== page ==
Equity markets rally, budget resolution kicked down the road and the possible consequences of Evergrande
U.S. equity markets rallied this past week, having their best five-day stretch since June. No one should be surprised that energy stocks led the equity rally. Energy prices have been on a tear, and this has not been lost on investors. They were also encouraged by a short-term solution to the problem of the debt ceiling. Although we were glad to see some agreement, it comes under the term “faint praise.” Investors will most likely have to observe another political battle at the end of the year.
The market shrugged off continued inflation and a less than stellar employment report. Evergrande appears to have receded from investors’ fears for the moment, but, as we will discuss later, more is possible.
As we wrote earlier, September’s job gains were about half of consensus expectations. The U.S. economy gained 194,000 jobs, while the expected number was just under 500,000. This leads to two questions—is the economy slowing and will this alter the Fed’s thinking? Yes, the economy is probably growing at a slower pace, but, as we wrote last week, that is to be expected. The U.S. economy has been growing at an unsustainable rate, so a moderation in growth should be expected. As to the second question, we do not feel this alters the Fed’s view. There is another FOMC meeting November 2-3. Unfortunately, the October jobs report will not be available by then, but we should get further clarification.
The Delta variant of COVID-19 appears to be a little more in control, so that does not seem to be impacting investors at the moment.
A very important debate going on is whether there will be a vote on the infrastructure bill by itself, or be brought to a vote along with the social spending bill. Interestingly, right now the debate is intra party. The infrastructure bill by itself will pass easily. Both parties are in favor. If passed, it will significantly add to the productive power of the United States. A good friend who has spent a lot of time in Washington suggested declaring semiconductors in the national defense interest. This would allow the U.S. government to partner with private industry. It deserves a lot more thought, because it has a lot of serious implications.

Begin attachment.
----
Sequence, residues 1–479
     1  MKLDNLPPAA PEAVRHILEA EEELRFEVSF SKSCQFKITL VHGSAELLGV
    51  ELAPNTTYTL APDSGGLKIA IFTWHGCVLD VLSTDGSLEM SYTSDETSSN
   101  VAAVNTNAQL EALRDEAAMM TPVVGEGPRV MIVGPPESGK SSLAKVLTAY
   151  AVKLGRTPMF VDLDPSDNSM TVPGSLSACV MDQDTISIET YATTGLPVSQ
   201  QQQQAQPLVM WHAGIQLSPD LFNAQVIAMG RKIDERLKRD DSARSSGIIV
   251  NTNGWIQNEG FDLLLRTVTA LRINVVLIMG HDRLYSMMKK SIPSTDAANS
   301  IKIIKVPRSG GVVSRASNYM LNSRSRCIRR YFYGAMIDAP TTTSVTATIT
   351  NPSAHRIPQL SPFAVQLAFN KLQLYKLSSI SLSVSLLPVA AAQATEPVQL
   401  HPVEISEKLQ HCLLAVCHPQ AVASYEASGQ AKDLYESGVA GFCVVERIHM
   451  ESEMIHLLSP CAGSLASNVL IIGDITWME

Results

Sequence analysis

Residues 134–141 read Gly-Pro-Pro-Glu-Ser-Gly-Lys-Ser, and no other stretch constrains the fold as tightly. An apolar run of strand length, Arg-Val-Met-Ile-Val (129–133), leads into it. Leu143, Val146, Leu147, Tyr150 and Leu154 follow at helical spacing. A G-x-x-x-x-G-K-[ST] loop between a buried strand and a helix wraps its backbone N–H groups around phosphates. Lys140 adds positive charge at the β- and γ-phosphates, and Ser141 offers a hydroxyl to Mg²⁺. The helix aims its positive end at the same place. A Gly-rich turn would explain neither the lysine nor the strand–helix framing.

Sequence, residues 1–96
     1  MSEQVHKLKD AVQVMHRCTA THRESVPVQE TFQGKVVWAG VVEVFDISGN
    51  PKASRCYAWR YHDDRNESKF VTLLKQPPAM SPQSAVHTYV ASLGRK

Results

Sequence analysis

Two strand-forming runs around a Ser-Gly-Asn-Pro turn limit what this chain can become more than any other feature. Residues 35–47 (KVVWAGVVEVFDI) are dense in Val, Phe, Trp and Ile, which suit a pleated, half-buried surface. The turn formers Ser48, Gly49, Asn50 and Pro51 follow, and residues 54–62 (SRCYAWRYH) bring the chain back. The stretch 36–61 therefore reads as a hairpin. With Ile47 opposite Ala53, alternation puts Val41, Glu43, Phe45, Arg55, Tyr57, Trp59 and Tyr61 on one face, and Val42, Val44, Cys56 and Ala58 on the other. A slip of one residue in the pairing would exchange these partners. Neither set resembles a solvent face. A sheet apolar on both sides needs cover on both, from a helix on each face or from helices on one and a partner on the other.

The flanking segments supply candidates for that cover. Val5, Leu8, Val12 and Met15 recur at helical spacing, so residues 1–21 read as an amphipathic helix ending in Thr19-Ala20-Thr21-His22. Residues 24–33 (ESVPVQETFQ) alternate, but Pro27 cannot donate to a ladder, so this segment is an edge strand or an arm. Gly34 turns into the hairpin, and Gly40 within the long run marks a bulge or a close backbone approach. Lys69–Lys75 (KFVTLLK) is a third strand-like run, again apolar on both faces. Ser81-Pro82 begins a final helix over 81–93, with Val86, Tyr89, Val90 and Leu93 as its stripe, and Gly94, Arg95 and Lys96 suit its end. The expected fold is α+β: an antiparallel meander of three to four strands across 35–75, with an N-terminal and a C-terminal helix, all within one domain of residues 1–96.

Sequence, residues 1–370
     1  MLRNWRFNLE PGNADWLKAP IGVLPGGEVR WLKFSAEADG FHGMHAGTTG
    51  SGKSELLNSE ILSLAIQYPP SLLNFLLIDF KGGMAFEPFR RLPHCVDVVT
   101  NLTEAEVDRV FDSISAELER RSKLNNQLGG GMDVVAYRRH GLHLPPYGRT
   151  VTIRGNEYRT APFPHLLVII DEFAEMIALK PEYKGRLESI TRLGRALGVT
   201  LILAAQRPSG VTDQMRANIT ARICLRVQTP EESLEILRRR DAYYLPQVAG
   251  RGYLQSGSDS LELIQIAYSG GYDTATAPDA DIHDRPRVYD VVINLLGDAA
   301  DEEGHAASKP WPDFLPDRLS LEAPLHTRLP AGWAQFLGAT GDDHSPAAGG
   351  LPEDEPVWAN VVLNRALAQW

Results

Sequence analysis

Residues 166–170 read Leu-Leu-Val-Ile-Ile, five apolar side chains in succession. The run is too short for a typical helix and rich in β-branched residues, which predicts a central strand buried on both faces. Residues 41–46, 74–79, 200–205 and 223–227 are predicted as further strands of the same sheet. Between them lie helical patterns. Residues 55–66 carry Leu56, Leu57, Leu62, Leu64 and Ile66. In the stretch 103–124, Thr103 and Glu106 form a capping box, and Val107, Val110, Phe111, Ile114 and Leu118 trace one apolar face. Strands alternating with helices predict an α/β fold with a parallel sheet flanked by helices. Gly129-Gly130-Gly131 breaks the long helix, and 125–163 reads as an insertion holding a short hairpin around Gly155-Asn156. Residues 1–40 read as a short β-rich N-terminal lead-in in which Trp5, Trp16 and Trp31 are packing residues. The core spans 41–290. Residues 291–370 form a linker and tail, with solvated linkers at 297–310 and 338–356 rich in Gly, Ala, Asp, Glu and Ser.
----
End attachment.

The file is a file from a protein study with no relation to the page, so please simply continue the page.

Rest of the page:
The OECD (Organisation for Economic Co-operation and Development)1 has agreed to a global corporate tax deal. Essentially, the aim is to stop companies from moving their corporate headquarters to a different country in order to decrease their taxes. The corporate tax deal makes sense, as it is not intuitively obvious that moving from country to country or state to state exclusively for tax savings is economically beneficial. We do not see how tax havens add to productive capacity. This should be viewed as a long-term economic positive.
The most alarming international story of the past week was Evergrande. It is an interesting story, not just because of a very large financial failure of a Chinese company, but how it could work its way through the system.
As many are aware, much of China’s growth has been financed through real estate. Many local governments have financed themselves by real estate, selling land to developers. This has resulted in a tremendous amount of overdevelopment. The country has been left with thousands of unfinished buildings. Many of these have been sold with consumers paying full price in advance, and now have little hope of getting their property or their money back. People have used their life savings for this purchase with nothing to show for it. China may be faced with a financial crisis affecting national and local governments, businesses, and perhaps millions of ordinary citizens. If this should occur, it will have remarkably similar effects as the financial crisis of 2008 had in the United States. This is unlikely, but certainly not impossible. In any case, it will have many ramifications from government, currency, and much financial hardship. This, combined with many very expensive Belt and Road projects not paying off, must be a great concern to both China and the Communist Party.
1 The Organisation for Economic Co-operation and Development is an intergovernmental economic organisation with 38 member countries, founded in 1961 to stimulate economic progress and world trade.